Many are predicting El Niño rainfall in the winter months. While this may provide some much needed drought-relief, are you ready for the potential drenching rainstorms? Although no one knows what this season will bring, we can be sure to better prepare our homes for whatever is thrown at us. Here are some tips to get ahead of the game and be ready for the unpredictable season:
1. Fix leaks before the rain hits. Dry heat can cause changes in wood structures which opens itself up to potential leaks. Call your local roofer to check out trouble spots (especially metal flashings) and to repair any old leaks.
2. Clean out your gutters and downspouts – and continue to clean and check after rainy days. Inspect gutters for breaks and make sure they’re tight to rooflines. Don’t forget any holes that need patching from wiring that penetrates the exterior walls.
3. Invest in a generator. Many older neighborhoods in the Bay Area are susceptible to power outages. Consider buying a portable generator or permanent back up generator that’ll kick when the power goes out.
4. Install a sump pump. Below grade spaces, such as basements or garages, can be invaded by groundwater during heavy rains. If you already have one, have a plumber service it.
5. Paint the exterior wood trim. This will help seal cracks in paint to avoid moisture damage that promotes dry rot and termite infestations.
6. Inspect your windows. Hot, dry weather can cause the window glazing to shrink and pull away from the window pane. Re-caulk as needed.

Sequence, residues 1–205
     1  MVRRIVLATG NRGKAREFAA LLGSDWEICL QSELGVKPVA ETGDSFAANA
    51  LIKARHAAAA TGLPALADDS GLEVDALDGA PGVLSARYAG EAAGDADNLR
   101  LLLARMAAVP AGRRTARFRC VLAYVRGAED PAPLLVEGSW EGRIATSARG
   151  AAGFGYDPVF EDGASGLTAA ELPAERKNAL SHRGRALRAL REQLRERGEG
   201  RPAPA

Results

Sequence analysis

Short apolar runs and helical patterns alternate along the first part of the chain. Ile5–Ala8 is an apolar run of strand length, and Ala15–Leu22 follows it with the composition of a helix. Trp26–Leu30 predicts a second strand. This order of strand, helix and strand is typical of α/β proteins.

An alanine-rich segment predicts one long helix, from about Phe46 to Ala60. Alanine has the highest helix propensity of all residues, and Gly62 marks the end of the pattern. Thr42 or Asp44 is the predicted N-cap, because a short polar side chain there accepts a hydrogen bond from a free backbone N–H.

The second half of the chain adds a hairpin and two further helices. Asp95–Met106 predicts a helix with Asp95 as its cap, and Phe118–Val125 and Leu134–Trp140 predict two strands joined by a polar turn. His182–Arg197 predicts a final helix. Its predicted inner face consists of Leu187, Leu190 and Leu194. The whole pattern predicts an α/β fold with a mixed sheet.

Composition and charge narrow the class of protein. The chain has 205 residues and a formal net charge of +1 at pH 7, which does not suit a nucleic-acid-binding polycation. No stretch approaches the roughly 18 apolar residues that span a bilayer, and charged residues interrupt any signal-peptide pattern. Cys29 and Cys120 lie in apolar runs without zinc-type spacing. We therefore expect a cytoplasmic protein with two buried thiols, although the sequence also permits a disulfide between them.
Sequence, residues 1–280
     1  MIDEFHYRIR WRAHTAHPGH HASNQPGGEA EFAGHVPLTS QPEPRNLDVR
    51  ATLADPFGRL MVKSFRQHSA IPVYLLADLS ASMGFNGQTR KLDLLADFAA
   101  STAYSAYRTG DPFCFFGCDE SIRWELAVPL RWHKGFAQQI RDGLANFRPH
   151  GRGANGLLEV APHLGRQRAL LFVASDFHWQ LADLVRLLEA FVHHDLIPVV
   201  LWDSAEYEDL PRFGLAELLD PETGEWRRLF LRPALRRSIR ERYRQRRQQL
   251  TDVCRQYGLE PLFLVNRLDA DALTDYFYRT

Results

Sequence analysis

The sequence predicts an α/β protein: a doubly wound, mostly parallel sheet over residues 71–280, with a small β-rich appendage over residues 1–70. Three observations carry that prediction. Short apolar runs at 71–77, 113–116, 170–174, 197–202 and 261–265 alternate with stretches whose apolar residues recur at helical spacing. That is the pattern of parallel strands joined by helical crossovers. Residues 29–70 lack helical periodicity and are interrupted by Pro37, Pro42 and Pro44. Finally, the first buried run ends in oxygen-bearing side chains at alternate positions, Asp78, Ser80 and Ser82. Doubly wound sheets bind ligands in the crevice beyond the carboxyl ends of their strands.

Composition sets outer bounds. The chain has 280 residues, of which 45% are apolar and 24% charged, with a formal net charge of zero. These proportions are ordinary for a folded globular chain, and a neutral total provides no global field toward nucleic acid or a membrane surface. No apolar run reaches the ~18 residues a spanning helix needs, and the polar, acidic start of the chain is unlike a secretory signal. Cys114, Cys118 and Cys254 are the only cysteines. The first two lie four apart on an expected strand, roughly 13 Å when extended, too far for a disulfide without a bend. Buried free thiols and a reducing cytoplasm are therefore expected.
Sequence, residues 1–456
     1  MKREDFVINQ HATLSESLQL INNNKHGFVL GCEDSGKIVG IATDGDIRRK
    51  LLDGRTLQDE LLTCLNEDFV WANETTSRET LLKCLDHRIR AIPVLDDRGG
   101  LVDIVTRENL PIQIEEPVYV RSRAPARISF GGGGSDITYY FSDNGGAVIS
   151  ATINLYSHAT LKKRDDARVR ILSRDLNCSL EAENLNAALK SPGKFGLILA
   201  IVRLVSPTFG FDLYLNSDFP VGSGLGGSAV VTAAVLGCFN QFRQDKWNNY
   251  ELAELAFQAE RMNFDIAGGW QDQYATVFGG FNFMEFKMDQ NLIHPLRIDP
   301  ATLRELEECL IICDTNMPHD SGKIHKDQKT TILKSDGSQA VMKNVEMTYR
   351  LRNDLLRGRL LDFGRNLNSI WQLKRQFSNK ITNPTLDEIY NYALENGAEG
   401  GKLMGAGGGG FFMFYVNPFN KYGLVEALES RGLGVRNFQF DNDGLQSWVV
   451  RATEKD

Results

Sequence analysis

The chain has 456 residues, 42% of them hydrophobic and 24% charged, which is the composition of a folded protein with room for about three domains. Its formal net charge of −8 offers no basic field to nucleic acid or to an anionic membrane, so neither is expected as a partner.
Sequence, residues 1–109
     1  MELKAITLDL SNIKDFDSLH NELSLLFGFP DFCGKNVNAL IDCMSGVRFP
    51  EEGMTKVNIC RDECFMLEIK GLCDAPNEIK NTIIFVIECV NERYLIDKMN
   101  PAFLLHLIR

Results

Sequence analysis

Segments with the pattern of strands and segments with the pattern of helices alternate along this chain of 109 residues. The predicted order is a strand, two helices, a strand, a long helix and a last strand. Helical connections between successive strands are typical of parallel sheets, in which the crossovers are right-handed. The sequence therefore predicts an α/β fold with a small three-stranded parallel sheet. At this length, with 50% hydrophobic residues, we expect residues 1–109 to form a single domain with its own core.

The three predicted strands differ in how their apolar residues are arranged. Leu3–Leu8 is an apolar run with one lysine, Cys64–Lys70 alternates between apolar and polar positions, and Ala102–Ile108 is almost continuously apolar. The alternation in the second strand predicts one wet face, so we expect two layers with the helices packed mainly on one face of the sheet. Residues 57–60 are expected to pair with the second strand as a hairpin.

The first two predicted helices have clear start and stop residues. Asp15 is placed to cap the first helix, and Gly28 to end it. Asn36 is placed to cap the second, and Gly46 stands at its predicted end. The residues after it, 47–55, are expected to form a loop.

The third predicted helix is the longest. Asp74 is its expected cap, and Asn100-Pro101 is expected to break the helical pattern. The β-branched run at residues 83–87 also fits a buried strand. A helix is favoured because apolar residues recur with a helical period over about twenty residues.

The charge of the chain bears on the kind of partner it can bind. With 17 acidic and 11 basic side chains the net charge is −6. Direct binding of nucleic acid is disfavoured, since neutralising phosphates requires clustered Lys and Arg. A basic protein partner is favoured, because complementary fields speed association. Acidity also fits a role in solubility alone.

7. Check balcony and deck slopes. Make sure the water is flowing away from the walls into a drainage system.
8. Preemptively strike for an ant invasion. If you’ve had issues with ants and other bugs taking shelter in your home due to wet weather, call an exterminator before it happens again.
9. Store emergency repair materials (such as sandbags, heavy plastic sheeting, etc) in a safe dry place.
10. Put together emergency disaster kits in case of power outages and/or floods. Store in an easily accessible place.
11. Make sure your yard drains properly.
12. Turn off any automatic watering systems.
13. Loosen compacted soil to provide better water absorption. Ground that has dried out too long will initially repel water.
14. Call a certified arborist to assess your trees. The drought has caused trees weigh less with decreased moisture, and they’re also weaker. A sudden onset of heavy moisture may be too much weight for branches to bear.
15. Store outdoor furniture and tie down anything that may fly away in strong winds. If it’s too large to store, use plywood to make sure they’re lifted from the pavement. Reinforce glass tabletops with plywood secures with cords.
16. Have materials on hand to divert water away from structures and walls (i.e. sandbags, concrete edgers, etc).
17. Talk to your neighbors about their drainage system. If you have a home above yours, make sure they have proper drains. They can be liable for water runoff on your property if they’ve altered their natural water flow path.
18. Consider floor insurance, even if you’re not in a flood zone. Twenty percent of claims come from people in non-high-risk areas.
19. Store any important documents in the cloud or on a thumb drive.
20. Prepare now. It’s harder to find solutions for rain-related problems during and after a rainstorm.